Methods and Results— Forty healthy volunteers were studied. After baseline infusion of 0.9% saline, sodium nitrite was infused at incremental doses from 40 nmol/min to 7.84 µmol/min. At each stage, forearm blood flow was measured by strain-gauge plethysmography. Forearm venous volume was assessed by radionuclide plethysmography. Changes in forearm blood flow and forearm venous volume in the infused arm were corrected for those in the control arm. The peak percentage of venodilation during normoxia was 35.8±3.4% (mean±SEM) at 7.84 µmol/min (P<0.001) and was similar during hypoxia. In normoxia, arterial blood flow, assessed by the forearm blood flow ratio, increased from 1.04±0.09 (baseline) to 1.62±0.18 (nitrite; P<0.05) versus 1.07±0.09 (baseline) to 2.37±0.15 (nitrite; P<0.005) during hypoxia. This result was recapitulated in vitro in vascular rings.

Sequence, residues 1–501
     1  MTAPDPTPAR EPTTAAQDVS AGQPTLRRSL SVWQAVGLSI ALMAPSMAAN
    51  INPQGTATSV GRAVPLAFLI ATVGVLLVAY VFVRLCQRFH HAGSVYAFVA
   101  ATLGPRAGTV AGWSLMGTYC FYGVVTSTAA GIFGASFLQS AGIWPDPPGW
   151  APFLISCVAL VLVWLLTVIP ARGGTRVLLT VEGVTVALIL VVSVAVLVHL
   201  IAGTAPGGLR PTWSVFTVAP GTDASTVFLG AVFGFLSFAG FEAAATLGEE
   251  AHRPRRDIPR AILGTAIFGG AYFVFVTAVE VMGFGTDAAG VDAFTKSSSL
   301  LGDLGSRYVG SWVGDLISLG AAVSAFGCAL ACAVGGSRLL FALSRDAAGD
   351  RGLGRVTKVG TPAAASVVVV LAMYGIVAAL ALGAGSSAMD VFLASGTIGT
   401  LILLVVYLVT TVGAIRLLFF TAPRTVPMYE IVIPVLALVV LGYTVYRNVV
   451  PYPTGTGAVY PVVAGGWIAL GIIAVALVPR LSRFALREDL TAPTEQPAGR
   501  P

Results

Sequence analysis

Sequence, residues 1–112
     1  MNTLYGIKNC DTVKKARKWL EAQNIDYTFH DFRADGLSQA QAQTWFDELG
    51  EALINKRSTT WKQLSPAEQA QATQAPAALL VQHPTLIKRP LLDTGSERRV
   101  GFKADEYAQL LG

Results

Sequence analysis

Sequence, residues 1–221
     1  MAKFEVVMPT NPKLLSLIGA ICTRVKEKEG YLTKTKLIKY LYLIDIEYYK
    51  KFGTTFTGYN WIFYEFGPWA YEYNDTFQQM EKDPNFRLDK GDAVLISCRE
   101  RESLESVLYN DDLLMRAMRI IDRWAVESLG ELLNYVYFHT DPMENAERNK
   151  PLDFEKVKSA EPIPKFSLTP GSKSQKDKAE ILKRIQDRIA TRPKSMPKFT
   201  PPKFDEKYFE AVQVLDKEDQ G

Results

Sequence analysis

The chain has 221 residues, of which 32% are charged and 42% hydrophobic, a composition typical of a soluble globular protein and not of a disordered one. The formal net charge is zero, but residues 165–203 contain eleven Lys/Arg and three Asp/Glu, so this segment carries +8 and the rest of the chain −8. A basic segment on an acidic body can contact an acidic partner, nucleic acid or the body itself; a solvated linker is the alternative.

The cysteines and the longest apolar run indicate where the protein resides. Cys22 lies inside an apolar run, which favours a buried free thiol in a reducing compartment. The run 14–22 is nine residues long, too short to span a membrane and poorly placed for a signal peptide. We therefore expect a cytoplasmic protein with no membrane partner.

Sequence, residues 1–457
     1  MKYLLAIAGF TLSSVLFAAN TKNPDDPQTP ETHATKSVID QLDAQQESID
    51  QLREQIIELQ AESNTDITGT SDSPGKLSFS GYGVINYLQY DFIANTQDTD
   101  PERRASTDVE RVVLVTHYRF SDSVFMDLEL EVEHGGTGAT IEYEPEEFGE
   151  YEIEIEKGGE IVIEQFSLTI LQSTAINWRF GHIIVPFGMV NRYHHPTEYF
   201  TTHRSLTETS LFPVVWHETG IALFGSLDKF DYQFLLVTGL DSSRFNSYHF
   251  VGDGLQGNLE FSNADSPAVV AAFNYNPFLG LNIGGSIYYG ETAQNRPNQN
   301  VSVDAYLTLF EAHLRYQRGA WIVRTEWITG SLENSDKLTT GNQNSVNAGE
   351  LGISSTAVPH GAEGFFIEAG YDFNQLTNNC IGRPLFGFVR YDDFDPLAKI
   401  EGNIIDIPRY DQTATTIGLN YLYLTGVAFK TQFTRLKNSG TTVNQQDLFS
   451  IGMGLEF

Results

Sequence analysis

Conclusions— Nitrite is a potent venodilator in normoxia and hypoxia. Arteries are modestly affected in normoxia but potently dilated in hypoxia, which suggests the important phenomenon of hypoxic augmentation of nitrite-mediated vasodilation in vivo. The use of nitrite as a selective arterial vasodilator in ischemic territories and as a potent venodilator in heart failure has therapeutic implications.
- vascular function